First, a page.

Investment in power infrastructure soared from 1997 to 2012 — EIA
Major investors and privately held companies have thrown cash into power infrastructure largely to improve reliability, improve connectivity to renewable sources and adjust to population shifts, according to a snapshotof the sector by the U.S. Energy Information Administration.
EIA noted that a first major wave of U.S. transmission investment that began with the onset of electrification in the early 20th century ended in the late 1960s. From that point until the end of the 1990s, infrastructure investments lagged.
Since then, legislation like the 2005 energy bill has led to a reversal in the money flow due to a subsequent directive at the Federal Energy Regulatory Commission that developed incentives for interstate transmission. Such policies came about following an August 2003 blackout in the Northeast that cost as much as $10 billion in economic losses, EIA said.
Just as much of a contributing factor is renewable power, led by “tremendous growth” in wind generation from 4 million megawatt-hours in 1999 to 141 million MWh in 2012.
“Because the best areas for wind and solar generation are often far from load centers, new transmission infrastructure was built to accommodate these renewable electricity generators,” EIA said.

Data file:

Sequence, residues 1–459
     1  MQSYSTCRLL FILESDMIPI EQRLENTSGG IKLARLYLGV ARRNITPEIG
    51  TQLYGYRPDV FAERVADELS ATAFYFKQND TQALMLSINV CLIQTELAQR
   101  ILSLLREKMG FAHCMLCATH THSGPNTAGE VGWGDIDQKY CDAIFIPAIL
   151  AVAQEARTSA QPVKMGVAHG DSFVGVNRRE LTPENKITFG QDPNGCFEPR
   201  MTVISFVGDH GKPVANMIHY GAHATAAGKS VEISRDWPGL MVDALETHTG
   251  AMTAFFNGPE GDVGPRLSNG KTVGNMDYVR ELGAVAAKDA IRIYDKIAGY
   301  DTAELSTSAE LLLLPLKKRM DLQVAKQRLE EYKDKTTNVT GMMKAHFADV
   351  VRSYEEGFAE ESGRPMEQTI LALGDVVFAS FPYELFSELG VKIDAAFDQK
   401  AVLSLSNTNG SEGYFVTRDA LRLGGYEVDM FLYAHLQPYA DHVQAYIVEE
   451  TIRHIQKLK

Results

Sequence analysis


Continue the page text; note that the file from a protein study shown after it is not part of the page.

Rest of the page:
Gas, hydro displacing coal in New England
A separate report out from EIA last week noted that electric operators in New England are generating more power from natural gas as well as importing more hydropower from Quebec. These sources are displacing the use of coal and oil in the region.
EIA said recent and upcoming closures of large, centralized power stations have led ISO New England to increasingly rely on Quebec, which has vast stores of hydroelectric potential.
The information agency expects that trend to continue, noting that the 745 MW coal- and oil-fired Salem Harbor Power Station north of Boston shut down June 1. Also on the chopping block in the near future are the 605 MW Vermont Yankee nuclear plant (by the end of the year) and the 1,520 MW Brayton Point coal and gas plant.
To replace much of this power, developers are vying for the right to build new transmission lines into Canada to access Hydro-Québec power. Among these is the Northern Pass proposal, which is working its way through a federal and state regulatory process.
Click here to see the U.S. transmission report.